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Bisphosphonate use does not raise cancer risk

Oral bisphosphonates do not increase the risk of oesophageal or gastric cancer

Louise Prime

Thursday, 12 August 2010

Oral bisphosphonate use is not a risk factor for oesophageal or gastric cancer, a large UK study has shown. Earlier reports had raised suspicion that this class of osteoporosis drugs, which it’s known can cause oesophagitis, could also be a causal factor in oesophageal cancer.

Researchers from the Centre for Public Health at Queen’s University, Belfast, conducted a large study of general practice data to investigate the possibility of a causal link; their findings are published in this week’s JAMA. “Oesophagitis is a known adverse effect of bisphosphonate use, and recent reports suggest a link between bisphosphonate use and oesophageal cancer, but this has not been robustly investigated,” they say.

“Large studies with appropriate comparison groups, adequate follow-up, robust characterisation of bisphosphonate exposure, and information on relevant confounders are required to determine whether bisphosphonates increase oesophageal cancer risk.”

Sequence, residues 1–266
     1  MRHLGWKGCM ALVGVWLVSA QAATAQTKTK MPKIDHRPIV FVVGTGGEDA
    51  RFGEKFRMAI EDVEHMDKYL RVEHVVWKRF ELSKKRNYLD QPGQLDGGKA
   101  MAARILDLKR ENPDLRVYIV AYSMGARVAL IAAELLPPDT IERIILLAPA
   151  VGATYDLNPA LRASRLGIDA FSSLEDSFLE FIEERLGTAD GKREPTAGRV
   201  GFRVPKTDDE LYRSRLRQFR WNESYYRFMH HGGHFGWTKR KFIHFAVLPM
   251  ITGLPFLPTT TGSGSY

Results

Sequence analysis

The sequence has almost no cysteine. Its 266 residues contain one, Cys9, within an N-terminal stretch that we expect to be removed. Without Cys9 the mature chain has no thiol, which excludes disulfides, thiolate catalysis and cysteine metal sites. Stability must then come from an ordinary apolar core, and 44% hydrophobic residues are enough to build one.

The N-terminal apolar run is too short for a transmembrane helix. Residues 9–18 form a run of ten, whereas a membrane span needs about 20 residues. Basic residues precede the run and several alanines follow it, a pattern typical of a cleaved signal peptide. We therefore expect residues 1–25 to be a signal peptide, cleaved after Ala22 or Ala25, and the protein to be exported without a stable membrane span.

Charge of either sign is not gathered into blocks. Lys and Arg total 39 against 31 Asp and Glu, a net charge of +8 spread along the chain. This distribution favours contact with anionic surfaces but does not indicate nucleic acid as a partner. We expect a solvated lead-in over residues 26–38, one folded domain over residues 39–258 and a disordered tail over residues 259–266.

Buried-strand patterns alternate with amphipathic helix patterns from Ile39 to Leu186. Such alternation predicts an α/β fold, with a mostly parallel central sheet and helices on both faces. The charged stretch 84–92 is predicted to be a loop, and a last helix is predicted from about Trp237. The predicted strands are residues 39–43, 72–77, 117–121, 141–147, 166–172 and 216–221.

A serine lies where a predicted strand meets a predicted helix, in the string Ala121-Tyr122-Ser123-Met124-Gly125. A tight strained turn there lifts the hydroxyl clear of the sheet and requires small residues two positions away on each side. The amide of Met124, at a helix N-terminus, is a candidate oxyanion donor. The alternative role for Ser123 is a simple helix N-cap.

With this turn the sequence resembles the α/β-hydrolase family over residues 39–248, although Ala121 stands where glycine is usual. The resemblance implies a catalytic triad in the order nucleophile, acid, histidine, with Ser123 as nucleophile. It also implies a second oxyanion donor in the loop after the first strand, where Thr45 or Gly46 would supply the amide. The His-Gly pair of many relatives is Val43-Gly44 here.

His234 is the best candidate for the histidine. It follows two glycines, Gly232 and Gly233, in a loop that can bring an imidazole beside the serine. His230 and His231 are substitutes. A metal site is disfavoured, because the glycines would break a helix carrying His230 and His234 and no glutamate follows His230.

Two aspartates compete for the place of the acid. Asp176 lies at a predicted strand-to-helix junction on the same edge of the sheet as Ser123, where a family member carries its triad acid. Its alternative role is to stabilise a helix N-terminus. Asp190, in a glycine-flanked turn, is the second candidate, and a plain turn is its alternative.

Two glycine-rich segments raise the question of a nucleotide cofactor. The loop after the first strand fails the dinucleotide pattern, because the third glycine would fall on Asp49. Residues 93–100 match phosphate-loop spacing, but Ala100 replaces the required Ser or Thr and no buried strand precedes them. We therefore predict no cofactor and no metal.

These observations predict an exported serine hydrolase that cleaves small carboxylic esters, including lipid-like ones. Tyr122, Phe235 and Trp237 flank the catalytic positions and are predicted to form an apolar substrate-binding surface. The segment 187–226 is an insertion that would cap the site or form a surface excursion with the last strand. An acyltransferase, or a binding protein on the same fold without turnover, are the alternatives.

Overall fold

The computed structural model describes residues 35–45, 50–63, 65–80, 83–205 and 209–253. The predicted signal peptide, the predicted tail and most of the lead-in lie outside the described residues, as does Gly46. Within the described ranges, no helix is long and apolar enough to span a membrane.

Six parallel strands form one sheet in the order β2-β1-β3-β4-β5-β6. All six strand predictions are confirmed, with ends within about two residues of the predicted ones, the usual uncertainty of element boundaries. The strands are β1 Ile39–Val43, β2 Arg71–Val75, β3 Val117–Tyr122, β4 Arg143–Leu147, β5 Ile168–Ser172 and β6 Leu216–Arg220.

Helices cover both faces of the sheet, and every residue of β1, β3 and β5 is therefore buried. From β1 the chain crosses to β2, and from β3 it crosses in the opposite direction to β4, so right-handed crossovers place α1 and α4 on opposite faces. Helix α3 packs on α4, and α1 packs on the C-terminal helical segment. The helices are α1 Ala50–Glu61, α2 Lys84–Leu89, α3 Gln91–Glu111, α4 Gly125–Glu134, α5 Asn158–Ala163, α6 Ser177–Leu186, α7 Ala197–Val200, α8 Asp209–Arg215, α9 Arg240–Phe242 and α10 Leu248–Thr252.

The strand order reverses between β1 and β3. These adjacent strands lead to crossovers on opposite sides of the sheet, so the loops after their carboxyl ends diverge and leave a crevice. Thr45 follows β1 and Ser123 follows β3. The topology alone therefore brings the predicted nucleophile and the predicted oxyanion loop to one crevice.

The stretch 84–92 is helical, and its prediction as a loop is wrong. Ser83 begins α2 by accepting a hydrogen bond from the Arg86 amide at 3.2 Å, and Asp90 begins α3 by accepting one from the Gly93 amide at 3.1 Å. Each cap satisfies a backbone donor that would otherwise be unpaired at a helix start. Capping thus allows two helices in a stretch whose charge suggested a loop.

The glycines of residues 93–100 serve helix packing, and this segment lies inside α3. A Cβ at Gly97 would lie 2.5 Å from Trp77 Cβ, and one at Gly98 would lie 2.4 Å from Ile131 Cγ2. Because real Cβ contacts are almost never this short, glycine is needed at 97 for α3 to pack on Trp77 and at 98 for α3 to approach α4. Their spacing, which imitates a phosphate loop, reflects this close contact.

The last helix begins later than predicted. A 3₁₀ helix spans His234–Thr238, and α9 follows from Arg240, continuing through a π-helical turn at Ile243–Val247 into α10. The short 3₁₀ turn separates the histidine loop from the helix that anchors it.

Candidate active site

Chris Cardwell and others analysed data from the General Practice Research Database, on the incidence of oesophageal and gastric cancer in more than 83,000 patients; half of them were taking a bisphosphonate, and the others – controls – were not. Most patients (81 per cent) were women, with an average age of 70 years. Mean follow-up time was 4.5 and 4.4 years in the bisphosphonate and control cohorts, respectively.

The risk of oesophageal and gastric cancer was similar in each cohort. A combined total of 116 cases of oesophageal and gastric cancer occurred in the bisphosphonate group, and 115 in the control group. For oesophageal cancer alone, there were 79 cases in the bisphosphonate group and 72 in the control group. Risk of oesophageal or gastric cancer did not vary by duration of bisphosphonate intake.

“In the UK GPRD patient population we found no evidence for a substantially increased risk of oesophageal (or gastric) cancer in persons using oral bisphosphonates. These drugs should not be withheld, on the basis of possible oesophageal cancer risk, from patients with a genuine clinical indication for their use,” the authors conclude.

JAMA. 2010;304[6]:657-663

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